Microsoft removed more than 3 billion ads and banned nearly 400,000 websites from its network in 2021 -- up from the 1.6 billion and 270,000 sites it took down or banned in 2020.
The company also suspended nearly 270,000 accounts from its network, attributing the increase in monitoring to artificial intelligence such as zero-shot learning to identify new patterns and methods with malicious intent. The technology identifies mischievous activities in text, images and video.
“Microsoft Advertising witnessed an increased number of threats and varied attack patterns in 2021,” Neha Garg, principal product manager at Microsoft, wrote in a post. “In our commitment towards offering our users safe and trusted experiences, we invested in product, algorithm, and process-based enhancement and improvements.”
Garg wrote about continued malicious advertising behaviors in 2021.
While there were many new patterns, fake celebrity-endorsed investment ads was one area that showed growth.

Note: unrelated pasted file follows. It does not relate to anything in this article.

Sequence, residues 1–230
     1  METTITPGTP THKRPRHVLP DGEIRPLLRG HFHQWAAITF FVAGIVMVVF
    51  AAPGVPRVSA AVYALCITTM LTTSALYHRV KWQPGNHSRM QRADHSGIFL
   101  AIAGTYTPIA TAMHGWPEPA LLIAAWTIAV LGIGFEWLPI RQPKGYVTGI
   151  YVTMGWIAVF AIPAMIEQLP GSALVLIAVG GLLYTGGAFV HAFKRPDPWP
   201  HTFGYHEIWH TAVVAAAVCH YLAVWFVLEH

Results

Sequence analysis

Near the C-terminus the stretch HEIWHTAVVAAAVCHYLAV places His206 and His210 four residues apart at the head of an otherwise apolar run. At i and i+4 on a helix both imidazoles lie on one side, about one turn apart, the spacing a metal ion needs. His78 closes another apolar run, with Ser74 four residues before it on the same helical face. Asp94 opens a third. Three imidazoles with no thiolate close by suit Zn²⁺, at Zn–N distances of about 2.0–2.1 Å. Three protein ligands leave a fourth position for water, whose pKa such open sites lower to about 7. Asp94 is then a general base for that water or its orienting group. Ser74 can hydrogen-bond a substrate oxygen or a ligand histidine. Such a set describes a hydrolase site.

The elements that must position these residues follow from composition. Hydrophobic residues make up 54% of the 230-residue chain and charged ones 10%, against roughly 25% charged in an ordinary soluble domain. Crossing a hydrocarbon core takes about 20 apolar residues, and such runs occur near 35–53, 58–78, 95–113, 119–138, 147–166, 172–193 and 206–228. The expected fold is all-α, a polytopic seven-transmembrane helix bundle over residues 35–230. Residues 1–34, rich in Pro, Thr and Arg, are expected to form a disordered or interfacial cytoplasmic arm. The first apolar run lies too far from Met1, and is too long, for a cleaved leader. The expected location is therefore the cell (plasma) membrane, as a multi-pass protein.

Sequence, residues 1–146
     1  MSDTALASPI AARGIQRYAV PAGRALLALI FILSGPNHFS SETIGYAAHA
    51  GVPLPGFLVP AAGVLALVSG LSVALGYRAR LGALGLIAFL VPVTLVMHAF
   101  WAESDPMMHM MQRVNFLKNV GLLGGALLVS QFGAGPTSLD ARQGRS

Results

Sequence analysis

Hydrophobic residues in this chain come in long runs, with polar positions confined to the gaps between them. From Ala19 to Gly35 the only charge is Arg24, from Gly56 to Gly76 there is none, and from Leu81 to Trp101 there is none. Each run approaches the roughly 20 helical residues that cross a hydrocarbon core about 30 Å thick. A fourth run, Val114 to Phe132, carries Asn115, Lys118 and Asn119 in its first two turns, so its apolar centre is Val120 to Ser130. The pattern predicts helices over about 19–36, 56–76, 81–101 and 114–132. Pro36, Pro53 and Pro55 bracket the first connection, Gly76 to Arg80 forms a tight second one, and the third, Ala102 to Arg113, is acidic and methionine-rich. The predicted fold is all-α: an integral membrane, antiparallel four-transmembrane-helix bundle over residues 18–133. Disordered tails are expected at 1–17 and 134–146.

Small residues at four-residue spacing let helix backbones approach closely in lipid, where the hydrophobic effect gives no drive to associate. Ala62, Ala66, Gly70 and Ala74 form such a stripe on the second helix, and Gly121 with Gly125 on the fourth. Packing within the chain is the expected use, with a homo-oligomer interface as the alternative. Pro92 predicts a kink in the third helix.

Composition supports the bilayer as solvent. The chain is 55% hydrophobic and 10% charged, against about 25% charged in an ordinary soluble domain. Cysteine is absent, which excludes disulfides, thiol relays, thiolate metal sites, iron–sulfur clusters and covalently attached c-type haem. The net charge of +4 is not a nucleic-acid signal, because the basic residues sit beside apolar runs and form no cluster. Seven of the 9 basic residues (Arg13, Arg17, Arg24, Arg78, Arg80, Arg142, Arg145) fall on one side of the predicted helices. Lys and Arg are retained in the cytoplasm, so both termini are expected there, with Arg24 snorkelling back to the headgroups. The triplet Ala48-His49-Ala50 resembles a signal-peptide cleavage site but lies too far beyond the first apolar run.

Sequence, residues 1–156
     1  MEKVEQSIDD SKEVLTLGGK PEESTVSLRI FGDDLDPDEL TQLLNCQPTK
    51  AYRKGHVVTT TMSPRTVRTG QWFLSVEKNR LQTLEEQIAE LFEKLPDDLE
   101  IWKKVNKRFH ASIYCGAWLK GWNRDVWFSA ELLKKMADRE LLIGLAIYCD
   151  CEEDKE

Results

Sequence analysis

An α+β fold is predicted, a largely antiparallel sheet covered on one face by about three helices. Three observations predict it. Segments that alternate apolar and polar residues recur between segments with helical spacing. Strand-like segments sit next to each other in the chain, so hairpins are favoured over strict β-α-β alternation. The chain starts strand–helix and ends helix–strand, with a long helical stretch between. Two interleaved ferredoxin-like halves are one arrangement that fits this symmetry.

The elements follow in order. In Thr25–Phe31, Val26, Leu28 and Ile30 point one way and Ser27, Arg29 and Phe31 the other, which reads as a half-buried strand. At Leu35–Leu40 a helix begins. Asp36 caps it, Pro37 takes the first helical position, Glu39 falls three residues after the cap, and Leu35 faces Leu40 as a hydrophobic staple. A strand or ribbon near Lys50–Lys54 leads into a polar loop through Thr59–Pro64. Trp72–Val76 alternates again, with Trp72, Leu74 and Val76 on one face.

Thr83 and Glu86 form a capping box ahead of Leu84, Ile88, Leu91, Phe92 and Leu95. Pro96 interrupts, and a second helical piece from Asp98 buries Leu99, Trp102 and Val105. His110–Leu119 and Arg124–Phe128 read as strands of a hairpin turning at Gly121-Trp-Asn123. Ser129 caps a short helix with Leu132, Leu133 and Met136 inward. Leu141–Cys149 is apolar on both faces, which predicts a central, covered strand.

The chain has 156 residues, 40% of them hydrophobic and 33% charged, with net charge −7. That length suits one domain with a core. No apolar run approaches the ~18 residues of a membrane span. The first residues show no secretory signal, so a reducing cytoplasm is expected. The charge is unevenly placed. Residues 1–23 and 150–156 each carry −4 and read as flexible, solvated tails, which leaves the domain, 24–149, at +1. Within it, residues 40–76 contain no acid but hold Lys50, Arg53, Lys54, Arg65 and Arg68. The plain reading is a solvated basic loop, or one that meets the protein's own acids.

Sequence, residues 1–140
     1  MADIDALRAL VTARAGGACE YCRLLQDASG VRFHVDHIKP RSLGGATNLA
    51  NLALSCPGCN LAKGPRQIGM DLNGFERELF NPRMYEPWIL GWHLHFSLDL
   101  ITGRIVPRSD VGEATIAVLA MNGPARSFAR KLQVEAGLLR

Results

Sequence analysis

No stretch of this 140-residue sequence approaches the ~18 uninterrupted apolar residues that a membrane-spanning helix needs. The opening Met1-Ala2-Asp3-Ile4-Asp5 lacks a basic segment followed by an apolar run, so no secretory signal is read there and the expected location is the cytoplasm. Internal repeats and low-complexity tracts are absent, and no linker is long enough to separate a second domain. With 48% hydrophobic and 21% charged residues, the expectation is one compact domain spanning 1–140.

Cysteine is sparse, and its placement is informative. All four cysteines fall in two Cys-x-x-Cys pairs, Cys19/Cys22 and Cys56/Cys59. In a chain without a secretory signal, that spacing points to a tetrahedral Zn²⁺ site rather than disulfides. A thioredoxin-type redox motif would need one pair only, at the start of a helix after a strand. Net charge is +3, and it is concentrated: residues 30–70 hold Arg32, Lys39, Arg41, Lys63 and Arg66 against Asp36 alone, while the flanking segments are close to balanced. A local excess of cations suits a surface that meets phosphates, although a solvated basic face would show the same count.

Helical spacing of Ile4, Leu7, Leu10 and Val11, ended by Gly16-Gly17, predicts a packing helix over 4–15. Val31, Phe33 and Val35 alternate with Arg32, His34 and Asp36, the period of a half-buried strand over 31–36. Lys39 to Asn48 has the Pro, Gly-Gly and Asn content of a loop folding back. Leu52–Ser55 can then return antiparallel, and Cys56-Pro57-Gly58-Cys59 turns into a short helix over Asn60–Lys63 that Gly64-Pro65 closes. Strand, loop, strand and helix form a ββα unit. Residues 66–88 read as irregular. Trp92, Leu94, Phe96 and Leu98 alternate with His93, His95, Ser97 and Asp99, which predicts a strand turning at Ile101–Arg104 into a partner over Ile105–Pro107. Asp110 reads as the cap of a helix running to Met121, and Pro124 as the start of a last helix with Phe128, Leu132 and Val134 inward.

Microsoft took measures to avoid promoting these ads. Machine learning, anomaly detection models, and fraud investigation experts’ insights helped to suspend nearly 10,000 accounts and take down more than 200,000 of these types of ads.
Microsoft also increased investments in multilingual models to detect non-compliant content in more than 30 languages, and made advancements in the way humans moderate the content to capture more insights from reviews. Intelligent tools allow human reviewers to more easily identify links between various accounts and discover various fraud rings.
Microsoft also addressed customer complaints to remove low-quality ads. In 2021, the company received about 70,000 complaints related to ads not being compliant per its advertising policies.
After investigating each complaint, the company found about 60% were in violation, most related to trademark infringements.
Complaints ranged from trademark infringement -- at about 34,700 -- to policy violations, at about 20,934.
A few complaints were related to unlicensed gambling sites, phishing, unauthorized government-service provider websites, and other user safety concerns. In response to complaints, nearly 650,000 ads in violation were removed from the network.